Atlantic Records, 1971
REVIEW BY: Christopher Thelen
ORIGINALLY PUBLISHED: 11/16/1998
Up until the time I was about 17 years old, I hated Led Zeppelin. Don't ask me why; I just couldn't stand them. The truth was that I had never really heard their music, but being young, narrow-minded in my tastes of music and fairly stupid, I wasn't willing to give them a try.
Then, the revelation occurred. Every year in the Chicagoland area, a special used record sale is held to help benefit research for a cure to ALS, or Lou Gehrig's Disease. In the tent of the Mammoth Music Mart, they had a few battered Led Zeppelin albums for a dollar each. Figuring I wouldn't be out too much if I hated them, I bought the albums, and took them home. It just so happened that the first album I gave a shot on the turntable was their untitled fourth album. (Side note: Many people mistakenly assume that this album is titled Led Zeppelin IV, or that the runes that represent each band member are the title -- even though Billboard used them to identify the album on their charts. In fact, there is no title for this album.)
Pow -- the realization of who this band was and their ultimate power hit me like a cab racing to pick up a fare. What the hell had I been thinking all these years? It took me far too long to learn what people who first heard this album in 1971 knew: it's a timeless classic.
Led Zeppelin were coming off the critical drubbing they received
Led Zeppelin III, a more acoustic, experimental album for
the band. What guitarist Jimmy Page, vocalist Robert Plant, bassist
John Paul Jones and drummer John Bonham could not have realized was
that they were about to re-write rock history with their fourth
album. Still staying in a slightly acoustic vein for a few numbers,
it also marked a return to the blues for Led Zeppelin, albeit in
their own unique style.
The opening number, "Black Dog," exemplifies their own style of the blues, with a vocal from Plant that almost sounds free-form, followed by the rest of the band punctuating what Plant said with their riffs. Wisely, Page saves his guitar pyrotechnics for the end of the song, allowing the whole band to shape the voice of this number. The blues continues with an in-your-face 12-bar number, "Rock And Roll," and it completes the album with the plodding "When The Levee Breaks," a number that is driven by Bonham's snare and bass drums.
Acoustically, Led Zeppelin build on the styles they began to develop on Led Zeppelin III (although they abandon any country motifs they had, as on "Tangerine"), and turn it into more of a folk vein. Their collaboration with Sandy Denny (to my knowledge, one of the few times that the band brought in an additional musician) on "The Battle Of Evermore" was sure to shock the long-time fans of the band -- no guitars, just mandolin? Thing is, Denny's vocals seemed to be the perfect yin to Plant's yang, and the instrumental arrangement also works to everyone's benefit. Likewise, "Going To California" is a pretty arrangement, featuring guitar and mandolin. It is one of Plant's most moving vocal performances in his career with Led Zeppelin.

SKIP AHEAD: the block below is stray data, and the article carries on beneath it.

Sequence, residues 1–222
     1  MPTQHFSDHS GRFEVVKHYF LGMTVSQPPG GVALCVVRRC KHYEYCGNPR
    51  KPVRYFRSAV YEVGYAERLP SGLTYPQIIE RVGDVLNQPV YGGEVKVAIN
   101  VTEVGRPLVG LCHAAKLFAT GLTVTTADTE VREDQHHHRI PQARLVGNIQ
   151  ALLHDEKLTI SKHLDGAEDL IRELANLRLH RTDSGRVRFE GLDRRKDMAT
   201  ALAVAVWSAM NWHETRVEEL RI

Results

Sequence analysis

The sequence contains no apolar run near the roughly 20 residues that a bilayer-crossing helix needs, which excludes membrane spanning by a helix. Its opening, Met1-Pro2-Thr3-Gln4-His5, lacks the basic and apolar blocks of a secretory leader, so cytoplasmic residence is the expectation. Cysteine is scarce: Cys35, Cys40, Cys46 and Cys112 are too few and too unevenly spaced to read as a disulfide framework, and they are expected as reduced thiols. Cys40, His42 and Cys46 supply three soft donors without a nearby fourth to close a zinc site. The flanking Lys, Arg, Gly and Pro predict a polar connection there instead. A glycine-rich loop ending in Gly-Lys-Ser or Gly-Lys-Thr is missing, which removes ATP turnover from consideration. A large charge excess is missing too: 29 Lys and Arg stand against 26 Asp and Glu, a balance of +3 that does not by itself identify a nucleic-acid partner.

The two tracks that return Zeppelin to a rock vein all their own, "Misty Mountain Hop" and "Four Sticks," are unique animals in and of themselves, each one featuring a member of the band that normally didn't get the spotlight. Jones's organ work is a driving force on "Misty Mountain Hop," which might seem a little too hippy-drippy these days. Bonham's incredible work on the drums is evidenced on "Four Sticks," pounding out a rhythm pattern that I've never been able to figure out. If you want proof that Bonham was one of the greatest rock drummers ever, this song is exhibit "A."
And then, there is "Stairway To Heaven," possibly the most played song in FM radio history -- and also a song that has never been commercially released as a single. (It was released as a promo in 1971, and as a special 20th anniversary promo in 1991 -- I had that 1991 promo, and gave it to my father earlier this year.) What can be said about this song that hundreds of thousands of voices haven't already said? I think what seals this song's eternal staying power is its slow build from minimal instrumental arrangement into a grand piece with Page's trademark guitar solo at the end. Overlooked in this, I feel, is Page's acoustic work; his gentle chords in the first half of the song are just as powerful as the intense electric work he throws in.
The drawback to releasing an album this good is that it's bound to get overplayed on the radio -- and this particular album, to some, has overstayed its welcome. True, oversaturating the airwaves with these eight songs does tend to take away their power when you listen to them in the guise of the album. That being said, there still is something magical about hearing this album in its entirety that radio will never take away from it.
There are few albums that I declare are works that everyone must own -- and this is easily the first one I'd tell people to pick up.
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